1 small sweet potato (I used 2 very small purple sweet potatoes), peeled and cut into chunks

1 medium carrot, chunked (I used about 3/4 of a cup of shredded carrot)

1 jalapeno pepper (Optional), seeded and chunked

1 bunch scallions (roots removed), cleaned and cut into chunks

It may require several batches in the food processor. Process the vegetables until they are small pieces so they’ll cook quickly in the pancake.* You should have about 4-5 cups.** Next, in a large mixing bowl combine:

1 1/2 cups gluten-free all-purpose flour

1/4 cup arrowroot

2 teaspoons baking powder

1/2 teaspoon salt

1/4 teaspoon pepper

1/4 teaspoon cumin

1/2 teaspoon garlic powder

1/2 teaspoon onion powder

Stir to combine before adding:

1 1/2 cups water (room temperature)

Whisk to combine before stirring in the finely chopped vegetables. Let the mixture sit for 10-15 minutes before cooking. In a 10-12″ skillet, heat over medium heat:

1 teaspoon olive oil (or spray with cooking spray)

Using a 1/2 cup measure, scoop out pancake mixture and place in skillet, using a spoon (or the back of the measuring cup), to flatten into a round disk about 6″ in diameter. Cook over medium low heat until bubbles appear, just like a regular pancake (in my case, it was really bubble holes in the pancake that I saw). Flip and cook 3-4 minutes on the other side before increasing the heat to medium high to brown the pancake on both sides, about 1 minute per side. Place on a cooling rack in the oven to keep warm while cooking the remainder of the pancakes. Serve hot with the following dipping sauce. Makes 6-8 pancakes.

DIPPING SAUCE

Combine in a small bowl:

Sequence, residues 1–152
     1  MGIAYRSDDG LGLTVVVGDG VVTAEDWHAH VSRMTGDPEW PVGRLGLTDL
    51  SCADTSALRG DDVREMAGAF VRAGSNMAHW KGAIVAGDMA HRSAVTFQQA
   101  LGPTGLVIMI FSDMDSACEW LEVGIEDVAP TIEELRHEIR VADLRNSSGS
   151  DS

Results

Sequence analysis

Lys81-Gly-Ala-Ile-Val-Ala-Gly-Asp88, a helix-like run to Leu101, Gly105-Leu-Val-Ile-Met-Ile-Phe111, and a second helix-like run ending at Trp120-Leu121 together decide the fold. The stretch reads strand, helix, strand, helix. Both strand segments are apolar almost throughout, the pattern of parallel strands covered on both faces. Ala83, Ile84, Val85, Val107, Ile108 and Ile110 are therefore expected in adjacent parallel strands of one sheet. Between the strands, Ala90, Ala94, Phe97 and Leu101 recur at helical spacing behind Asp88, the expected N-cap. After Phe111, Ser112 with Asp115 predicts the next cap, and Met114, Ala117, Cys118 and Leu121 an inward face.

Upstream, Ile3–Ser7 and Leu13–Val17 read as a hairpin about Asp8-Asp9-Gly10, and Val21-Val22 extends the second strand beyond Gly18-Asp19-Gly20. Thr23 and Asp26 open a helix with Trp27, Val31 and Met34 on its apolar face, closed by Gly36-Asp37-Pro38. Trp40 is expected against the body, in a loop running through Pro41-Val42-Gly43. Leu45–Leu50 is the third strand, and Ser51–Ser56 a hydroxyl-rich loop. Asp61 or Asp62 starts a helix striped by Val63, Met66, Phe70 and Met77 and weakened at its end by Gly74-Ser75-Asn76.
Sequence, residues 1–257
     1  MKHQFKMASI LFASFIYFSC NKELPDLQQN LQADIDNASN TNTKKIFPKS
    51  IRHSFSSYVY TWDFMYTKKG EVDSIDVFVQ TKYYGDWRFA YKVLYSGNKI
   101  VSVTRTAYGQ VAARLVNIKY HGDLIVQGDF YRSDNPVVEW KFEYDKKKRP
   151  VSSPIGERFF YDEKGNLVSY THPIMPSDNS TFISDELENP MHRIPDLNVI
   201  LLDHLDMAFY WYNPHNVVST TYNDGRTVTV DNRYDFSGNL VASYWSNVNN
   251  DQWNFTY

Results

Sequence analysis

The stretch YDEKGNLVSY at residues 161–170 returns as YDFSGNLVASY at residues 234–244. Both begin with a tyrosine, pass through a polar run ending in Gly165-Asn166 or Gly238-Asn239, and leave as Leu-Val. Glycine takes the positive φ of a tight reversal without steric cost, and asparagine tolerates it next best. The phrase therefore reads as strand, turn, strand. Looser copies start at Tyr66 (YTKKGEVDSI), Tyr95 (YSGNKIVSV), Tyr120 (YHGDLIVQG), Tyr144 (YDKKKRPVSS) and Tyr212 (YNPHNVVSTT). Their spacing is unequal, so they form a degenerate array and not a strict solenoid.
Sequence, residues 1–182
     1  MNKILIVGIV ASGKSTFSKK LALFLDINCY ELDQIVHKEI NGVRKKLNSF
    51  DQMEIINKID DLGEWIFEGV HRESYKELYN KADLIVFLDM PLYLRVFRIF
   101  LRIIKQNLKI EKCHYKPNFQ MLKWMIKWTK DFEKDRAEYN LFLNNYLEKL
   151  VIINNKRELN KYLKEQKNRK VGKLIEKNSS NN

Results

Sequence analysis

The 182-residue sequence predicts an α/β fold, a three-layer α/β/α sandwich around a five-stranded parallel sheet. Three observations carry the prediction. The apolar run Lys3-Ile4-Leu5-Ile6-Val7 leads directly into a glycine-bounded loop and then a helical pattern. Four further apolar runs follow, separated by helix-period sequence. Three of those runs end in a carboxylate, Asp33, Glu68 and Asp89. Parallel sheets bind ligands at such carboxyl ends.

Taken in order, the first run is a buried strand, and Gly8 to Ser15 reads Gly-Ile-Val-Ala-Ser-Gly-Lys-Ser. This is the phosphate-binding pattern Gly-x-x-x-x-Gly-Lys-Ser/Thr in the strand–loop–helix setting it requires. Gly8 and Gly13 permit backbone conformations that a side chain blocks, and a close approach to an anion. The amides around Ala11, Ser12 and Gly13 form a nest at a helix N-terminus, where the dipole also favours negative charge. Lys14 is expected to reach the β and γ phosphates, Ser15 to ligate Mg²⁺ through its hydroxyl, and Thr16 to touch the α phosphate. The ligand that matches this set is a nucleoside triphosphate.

2 tablespoons soy sauce substitute

1 tablespoon rice vinegar

1 teaspoon date syrup (or agave syrup or honey)

1 teaspoon toasted sesame oil

1 teaspoon toasted sesame seeds

1/8 teaspoon garlic chili sauce (or your hot sauce of choice) (Optional)

*If you don’t want to use a food processor simply cut all the vegetables into thin strips like shredded carrots you buy in the supermarket or grate them on a box grater.

**These are just my suggested vegetables. Feel free to use whatever vegetables your family might like but the scallions really are the only ones required. I thought about adding a few garlic cloves as well as a crunchy vegetable like jicama or water chestnuts as well.

Asian Coleslaw

I do love a good coleslaw. I’ve put several recipes for it on my blog over the years and here’s another one that I think is up there near the top. Quick and easy to make, it tastes delicious. Of course, if you can use real soy sauce, feel free but use only half as much as the soy sauce substitute. And I know, more brown food! Can’t seem to stop making brown things.

To make the sauce whisk together: